A woman’s relationship with the natural world is often unique and meaningful. For women who own land, this connection can be rewarding and challenging. Women landowners engage with their woods in various ways, including enjoying the beauty of their property, caring for wildlife and nature, and appreciating the privacy that owning land offers.
If you ever walk through Ben and Susie Feldman’s woods, you may wonder if you really just saw a gnome. You did! Susie strategically places gnomes throughout the woods. Encouraging people to enjoy their woods is a passion for the Feldmans!
Wildlife management often ranks high as a management objective for landowners. Since more than 75% of the forests in Massachusetts are owned by families and individuals, the future of many of our wildlife species are in the hands of private landowners. In fact, most rare species and species in decline in Massachusetts are found on privately owned lands. In order to help these species survive, it is important to find ways to provide private landowners technical assistance and resources for important habitat work.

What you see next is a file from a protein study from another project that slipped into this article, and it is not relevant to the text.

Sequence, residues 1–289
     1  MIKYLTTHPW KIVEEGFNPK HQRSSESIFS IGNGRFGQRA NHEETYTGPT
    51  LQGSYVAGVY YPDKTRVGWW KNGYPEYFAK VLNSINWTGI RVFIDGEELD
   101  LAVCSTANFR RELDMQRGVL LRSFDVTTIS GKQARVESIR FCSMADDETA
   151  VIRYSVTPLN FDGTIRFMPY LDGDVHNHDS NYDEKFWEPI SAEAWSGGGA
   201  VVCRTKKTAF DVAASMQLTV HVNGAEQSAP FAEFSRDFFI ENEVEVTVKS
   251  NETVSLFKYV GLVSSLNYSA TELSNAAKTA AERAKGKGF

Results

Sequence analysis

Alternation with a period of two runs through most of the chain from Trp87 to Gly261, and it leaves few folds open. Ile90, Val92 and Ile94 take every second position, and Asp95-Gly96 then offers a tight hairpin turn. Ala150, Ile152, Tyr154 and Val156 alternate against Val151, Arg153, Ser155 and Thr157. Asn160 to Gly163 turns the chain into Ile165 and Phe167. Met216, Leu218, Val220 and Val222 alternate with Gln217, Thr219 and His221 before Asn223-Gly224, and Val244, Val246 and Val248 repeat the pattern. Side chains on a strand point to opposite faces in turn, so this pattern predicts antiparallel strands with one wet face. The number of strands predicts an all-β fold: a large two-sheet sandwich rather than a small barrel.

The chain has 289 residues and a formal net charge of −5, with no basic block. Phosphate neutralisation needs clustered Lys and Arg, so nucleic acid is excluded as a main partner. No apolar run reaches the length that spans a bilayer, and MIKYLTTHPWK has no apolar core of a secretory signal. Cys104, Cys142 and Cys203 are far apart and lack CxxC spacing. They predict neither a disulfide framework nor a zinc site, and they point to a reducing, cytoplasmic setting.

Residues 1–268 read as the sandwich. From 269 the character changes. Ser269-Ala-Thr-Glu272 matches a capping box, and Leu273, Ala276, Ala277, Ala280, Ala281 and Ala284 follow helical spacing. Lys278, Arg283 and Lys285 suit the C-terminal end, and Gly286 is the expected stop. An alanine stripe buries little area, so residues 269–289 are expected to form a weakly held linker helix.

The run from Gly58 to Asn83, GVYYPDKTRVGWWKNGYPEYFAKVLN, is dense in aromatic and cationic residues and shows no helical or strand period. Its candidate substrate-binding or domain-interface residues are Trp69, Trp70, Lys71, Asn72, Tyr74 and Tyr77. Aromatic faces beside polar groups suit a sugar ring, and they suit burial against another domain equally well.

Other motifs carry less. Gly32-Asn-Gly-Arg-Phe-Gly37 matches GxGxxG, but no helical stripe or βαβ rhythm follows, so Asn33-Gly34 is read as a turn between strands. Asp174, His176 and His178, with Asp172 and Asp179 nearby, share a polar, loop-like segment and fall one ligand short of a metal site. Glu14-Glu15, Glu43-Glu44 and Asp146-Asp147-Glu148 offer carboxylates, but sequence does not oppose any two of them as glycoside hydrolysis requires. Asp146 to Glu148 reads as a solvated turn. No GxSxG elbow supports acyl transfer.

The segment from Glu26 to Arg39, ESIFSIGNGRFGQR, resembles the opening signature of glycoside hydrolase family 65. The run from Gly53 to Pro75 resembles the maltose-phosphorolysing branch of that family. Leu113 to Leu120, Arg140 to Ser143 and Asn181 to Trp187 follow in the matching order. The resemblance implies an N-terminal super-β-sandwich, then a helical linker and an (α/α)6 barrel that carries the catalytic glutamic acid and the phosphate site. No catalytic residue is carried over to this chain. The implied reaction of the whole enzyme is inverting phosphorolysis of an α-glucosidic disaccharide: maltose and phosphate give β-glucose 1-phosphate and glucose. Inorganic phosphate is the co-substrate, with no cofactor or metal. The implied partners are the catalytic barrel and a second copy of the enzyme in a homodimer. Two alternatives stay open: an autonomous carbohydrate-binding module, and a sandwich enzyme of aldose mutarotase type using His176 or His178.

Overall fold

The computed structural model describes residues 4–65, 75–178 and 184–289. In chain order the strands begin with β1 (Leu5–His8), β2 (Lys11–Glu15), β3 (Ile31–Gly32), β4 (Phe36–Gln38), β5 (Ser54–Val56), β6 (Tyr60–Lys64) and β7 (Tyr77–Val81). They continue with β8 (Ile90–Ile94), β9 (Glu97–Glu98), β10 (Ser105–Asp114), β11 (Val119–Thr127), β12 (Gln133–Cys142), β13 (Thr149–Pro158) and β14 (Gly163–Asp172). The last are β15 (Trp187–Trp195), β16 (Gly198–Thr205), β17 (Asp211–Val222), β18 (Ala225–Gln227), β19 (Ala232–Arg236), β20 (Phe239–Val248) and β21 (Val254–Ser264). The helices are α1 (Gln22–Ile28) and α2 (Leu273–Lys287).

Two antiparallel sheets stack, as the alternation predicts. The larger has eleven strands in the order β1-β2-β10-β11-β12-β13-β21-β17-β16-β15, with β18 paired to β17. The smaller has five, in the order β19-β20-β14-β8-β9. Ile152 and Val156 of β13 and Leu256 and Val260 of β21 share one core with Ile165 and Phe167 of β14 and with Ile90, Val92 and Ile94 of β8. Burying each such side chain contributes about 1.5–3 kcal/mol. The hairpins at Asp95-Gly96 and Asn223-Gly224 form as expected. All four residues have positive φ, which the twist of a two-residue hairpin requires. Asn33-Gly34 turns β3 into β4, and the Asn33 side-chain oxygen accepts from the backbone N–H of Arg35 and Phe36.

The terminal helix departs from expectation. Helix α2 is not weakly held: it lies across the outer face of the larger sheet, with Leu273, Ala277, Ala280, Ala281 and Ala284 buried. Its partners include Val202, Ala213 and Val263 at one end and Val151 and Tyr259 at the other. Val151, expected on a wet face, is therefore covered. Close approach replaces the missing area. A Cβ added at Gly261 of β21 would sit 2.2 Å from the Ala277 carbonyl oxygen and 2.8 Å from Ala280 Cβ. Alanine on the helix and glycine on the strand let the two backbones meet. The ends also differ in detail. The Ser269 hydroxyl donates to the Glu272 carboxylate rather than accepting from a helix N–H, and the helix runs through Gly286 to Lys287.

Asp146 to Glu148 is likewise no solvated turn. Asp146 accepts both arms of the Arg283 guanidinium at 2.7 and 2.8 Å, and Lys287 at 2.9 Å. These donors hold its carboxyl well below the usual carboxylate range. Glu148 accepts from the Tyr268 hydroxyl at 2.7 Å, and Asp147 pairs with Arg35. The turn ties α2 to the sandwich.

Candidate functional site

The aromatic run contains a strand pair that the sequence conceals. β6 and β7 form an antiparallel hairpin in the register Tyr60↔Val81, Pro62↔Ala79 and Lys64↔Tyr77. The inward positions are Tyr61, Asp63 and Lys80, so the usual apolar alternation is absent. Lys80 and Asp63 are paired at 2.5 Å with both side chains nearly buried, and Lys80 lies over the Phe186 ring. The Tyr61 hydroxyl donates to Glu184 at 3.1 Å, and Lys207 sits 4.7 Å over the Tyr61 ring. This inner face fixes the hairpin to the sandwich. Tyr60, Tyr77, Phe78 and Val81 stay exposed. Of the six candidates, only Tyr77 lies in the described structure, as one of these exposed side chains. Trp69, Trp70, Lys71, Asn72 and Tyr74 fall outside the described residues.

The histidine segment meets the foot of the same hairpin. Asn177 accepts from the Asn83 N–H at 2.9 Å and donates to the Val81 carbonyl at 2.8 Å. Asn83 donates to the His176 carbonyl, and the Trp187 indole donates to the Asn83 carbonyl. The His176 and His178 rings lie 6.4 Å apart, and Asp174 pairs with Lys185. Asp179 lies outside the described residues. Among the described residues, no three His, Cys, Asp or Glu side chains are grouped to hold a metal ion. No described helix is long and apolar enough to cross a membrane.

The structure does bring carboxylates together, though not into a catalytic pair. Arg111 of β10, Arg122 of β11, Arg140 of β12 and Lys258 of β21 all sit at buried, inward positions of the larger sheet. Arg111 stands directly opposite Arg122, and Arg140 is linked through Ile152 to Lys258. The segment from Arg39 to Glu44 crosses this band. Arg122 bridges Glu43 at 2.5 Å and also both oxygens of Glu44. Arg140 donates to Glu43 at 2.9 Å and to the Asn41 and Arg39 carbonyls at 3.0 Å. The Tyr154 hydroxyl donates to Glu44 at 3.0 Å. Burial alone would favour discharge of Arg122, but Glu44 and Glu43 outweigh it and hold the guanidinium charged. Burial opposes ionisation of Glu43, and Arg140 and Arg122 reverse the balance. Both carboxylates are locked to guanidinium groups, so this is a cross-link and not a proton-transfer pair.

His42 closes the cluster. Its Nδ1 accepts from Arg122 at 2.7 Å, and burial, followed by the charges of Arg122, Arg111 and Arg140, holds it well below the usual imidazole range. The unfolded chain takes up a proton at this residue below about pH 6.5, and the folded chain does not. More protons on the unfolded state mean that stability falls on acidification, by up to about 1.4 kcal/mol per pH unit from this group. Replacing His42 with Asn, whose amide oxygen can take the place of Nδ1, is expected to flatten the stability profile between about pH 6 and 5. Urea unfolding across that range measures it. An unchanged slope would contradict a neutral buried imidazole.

Support for forest conservation can come in many forms. Animal tracking is one great way to engage people and communities while providing valuable information to inform land conservation and land use decisions. Keystone Cooperator Janet Pesaturo is proof of that.
Janet has found herself on a track she didn’t expect, and she’s enjoying where it’s leading. Nine years ago Janet was a practicing psychiatrist, who made the decision to stop working in order to raise her two children, not realizing at that time where it would lead.